I've also spent time re-editing Humya's Gifts a four part story for young people that I wrote some years ago. I had a literary agent pick up on it, but the market is so small in Australia it didn't go anywhere. I re-read yesterday and laughed and cried the whole way through. I'm going to send it off to see if anyone else does too.

I feel like I'm on the brink... now the house is finished I can finally focus on something other than work, uni, and a huge garden. Hey Trev, what do you want to do once the house is complete? “Plenty of gardening and some work to pay off the house.”

One book I don't want to write is a 'Straw bale House adventure'- ready to move on.

In da House!

When I wake up it's either the light coming through the window, or the accumulation of baa-ing, bleeting, grunting animals who've quickly worked out that we've moved, it's morning and if they carry on enough they might get breakfast early.

There's the lingering joy of stretching out on a king size mattress (the bed beneath is still at pre-manufacture stage)before going for an early morning wee. And it's 'whoa wee'... it's only just around the corner, no need to go outside anymore. The room is warm, no risk of icy condensation dripping down the back of your neck. Washing my hands afterwards - no need to turn on a pump first. And the bowl... well it's beautiful, the old one had spent fifty years under someone's house and was a sickly shade of stained yellow. This is first of many moments of gratification. The bathroom, well I keep saying it's a luxury model. It's clean, spare, almost zen, the whole house is actually. After five years of roughing it in a 6 X 3 metre shed, a small bathroom add on and a 23 foot caravan and squeezing all our meagre belongings in it... it's heaven. I love observing how the light falls on every surface on a 24 hour basis. A moonlight night doing a circuit of all the rooms is just as rewarding.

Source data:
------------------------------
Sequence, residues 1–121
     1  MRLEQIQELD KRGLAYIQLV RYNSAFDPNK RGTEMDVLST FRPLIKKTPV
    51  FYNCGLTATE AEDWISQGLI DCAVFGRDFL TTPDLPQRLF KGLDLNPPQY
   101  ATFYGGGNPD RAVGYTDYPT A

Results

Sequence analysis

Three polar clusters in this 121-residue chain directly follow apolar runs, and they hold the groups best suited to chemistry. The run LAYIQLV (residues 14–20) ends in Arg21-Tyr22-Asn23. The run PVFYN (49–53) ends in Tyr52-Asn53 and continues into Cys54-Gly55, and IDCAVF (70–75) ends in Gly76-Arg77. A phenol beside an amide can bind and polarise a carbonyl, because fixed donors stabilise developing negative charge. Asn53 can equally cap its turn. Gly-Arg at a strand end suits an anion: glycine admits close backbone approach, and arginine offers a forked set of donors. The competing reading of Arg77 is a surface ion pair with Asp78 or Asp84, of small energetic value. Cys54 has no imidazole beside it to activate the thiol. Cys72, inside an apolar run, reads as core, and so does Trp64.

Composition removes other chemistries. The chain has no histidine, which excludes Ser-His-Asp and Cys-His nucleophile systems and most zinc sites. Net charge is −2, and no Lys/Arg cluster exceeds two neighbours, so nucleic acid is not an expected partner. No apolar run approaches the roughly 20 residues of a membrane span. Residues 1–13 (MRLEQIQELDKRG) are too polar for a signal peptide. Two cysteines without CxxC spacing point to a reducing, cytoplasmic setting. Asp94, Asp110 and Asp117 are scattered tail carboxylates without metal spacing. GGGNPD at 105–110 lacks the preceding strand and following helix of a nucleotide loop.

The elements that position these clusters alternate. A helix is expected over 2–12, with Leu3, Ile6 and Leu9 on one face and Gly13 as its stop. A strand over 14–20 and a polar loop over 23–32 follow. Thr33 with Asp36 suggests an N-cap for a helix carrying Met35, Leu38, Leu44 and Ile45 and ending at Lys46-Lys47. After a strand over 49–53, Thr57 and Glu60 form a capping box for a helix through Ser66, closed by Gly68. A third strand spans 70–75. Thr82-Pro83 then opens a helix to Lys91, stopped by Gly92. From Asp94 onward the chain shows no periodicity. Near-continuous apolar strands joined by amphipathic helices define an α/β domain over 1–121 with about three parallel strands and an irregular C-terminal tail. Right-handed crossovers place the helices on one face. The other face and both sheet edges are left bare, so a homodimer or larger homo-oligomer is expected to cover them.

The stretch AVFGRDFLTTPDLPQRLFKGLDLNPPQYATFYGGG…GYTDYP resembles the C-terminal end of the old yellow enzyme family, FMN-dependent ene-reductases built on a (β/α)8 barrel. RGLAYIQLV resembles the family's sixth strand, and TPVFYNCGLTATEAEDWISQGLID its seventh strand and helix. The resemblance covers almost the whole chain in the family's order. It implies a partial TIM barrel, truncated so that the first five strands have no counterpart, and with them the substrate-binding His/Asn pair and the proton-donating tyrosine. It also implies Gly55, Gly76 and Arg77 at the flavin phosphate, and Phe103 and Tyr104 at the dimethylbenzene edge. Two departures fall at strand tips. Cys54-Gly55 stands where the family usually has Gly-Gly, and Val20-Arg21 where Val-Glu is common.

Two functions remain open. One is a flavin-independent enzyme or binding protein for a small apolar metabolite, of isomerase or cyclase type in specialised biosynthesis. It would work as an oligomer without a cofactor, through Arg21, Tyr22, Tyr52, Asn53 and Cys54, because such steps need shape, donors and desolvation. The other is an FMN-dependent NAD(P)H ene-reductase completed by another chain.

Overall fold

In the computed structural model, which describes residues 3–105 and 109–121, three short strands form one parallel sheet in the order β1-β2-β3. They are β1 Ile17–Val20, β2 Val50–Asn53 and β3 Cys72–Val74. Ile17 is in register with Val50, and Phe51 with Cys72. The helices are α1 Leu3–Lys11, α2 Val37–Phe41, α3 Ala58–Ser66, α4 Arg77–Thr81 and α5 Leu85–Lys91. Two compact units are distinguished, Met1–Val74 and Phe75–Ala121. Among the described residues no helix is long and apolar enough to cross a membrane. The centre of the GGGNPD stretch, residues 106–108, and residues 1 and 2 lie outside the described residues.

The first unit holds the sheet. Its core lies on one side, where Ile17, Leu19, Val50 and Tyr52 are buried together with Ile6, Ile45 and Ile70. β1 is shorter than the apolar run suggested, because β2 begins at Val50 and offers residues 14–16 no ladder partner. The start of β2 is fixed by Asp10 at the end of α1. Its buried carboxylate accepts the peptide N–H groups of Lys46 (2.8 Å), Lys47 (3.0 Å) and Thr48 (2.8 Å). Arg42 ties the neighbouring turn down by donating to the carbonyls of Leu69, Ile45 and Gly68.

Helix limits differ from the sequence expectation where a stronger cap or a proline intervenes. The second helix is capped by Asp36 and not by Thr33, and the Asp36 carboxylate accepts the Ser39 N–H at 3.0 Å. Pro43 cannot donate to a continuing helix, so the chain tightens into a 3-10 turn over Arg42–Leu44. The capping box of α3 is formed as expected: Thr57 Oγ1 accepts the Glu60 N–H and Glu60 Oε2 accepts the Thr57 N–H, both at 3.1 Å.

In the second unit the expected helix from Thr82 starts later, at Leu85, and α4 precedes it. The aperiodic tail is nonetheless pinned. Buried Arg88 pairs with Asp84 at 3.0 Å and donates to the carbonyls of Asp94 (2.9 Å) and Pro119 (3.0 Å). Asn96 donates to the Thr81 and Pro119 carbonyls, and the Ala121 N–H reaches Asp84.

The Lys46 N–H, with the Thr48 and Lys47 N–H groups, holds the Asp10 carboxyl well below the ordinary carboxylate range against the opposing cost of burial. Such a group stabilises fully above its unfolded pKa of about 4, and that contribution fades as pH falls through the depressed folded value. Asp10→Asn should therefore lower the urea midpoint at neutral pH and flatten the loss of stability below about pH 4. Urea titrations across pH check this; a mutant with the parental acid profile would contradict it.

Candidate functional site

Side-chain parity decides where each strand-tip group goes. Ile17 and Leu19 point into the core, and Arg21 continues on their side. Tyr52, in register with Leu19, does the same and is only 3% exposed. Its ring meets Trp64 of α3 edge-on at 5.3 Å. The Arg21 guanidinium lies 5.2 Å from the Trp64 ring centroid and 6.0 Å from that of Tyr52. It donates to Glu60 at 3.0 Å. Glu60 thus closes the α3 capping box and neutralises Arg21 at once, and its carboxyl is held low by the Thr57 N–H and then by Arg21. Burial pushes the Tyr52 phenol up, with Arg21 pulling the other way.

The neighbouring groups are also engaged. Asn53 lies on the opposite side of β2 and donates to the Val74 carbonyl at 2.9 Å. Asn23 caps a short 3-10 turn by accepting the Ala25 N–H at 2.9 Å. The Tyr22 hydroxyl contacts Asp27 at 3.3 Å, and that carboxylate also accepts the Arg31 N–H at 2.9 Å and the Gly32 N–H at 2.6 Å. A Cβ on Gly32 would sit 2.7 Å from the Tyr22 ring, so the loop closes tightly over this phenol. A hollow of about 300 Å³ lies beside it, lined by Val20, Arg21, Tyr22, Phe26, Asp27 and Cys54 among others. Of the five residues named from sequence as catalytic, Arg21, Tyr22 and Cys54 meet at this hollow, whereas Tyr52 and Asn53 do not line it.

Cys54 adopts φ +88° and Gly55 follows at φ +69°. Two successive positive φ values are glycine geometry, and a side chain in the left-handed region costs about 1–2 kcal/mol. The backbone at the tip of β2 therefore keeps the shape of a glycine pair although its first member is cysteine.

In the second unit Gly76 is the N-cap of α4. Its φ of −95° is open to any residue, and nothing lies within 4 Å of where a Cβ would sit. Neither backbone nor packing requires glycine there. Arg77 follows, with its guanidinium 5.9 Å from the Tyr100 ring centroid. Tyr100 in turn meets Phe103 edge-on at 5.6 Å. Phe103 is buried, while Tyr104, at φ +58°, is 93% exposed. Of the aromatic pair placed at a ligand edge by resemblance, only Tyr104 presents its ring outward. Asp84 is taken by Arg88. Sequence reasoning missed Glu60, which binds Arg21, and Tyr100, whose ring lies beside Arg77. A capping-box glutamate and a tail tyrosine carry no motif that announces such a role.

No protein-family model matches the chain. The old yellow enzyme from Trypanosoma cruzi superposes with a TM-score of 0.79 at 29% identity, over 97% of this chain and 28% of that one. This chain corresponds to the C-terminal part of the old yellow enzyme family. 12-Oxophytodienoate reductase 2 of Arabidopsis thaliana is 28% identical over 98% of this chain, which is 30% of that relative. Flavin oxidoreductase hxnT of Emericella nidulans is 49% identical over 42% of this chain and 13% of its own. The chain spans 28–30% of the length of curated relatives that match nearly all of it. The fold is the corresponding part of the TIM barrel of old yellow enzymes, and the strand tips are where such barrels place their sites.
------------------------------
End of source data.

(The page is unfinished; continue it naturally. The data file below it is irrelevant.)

Unpacking the unnecessary things like decorative carvings, lamps and pots - they all finally see the daylight. It's been so long I'd forgotten some of them.

We're not finished, Trev's tiling the bathroom still, I've just finished repatching mud work and re liming some pf the walls, I'm yet to re-oil all the window frames and deck. Trev has the skirtings to complete, there are only two internal doors in the whole house, beading needs to happen on the ceiling lining, and the kitchen benchs have yet to be built. But none of that matters. We're living in the house where the temperature is generally always 20 -22 degrees regardless of what's happening outside. It's all come together and the wait has been worth every last windy day of, 'is the shed going to blow away?' bit of it. Our mortgage falls into the range we had anticipated, but the house is better than.

We're on a bit of a high and constant self-congratulations is starting to get a bit old - it's been a long haul... the hard part is over. Maybe one day soon I'll even convince Trev that his uniform of patched, stained and altogether too grubby overalls can help fill the rag bag. But I suspect not.

Photos to come...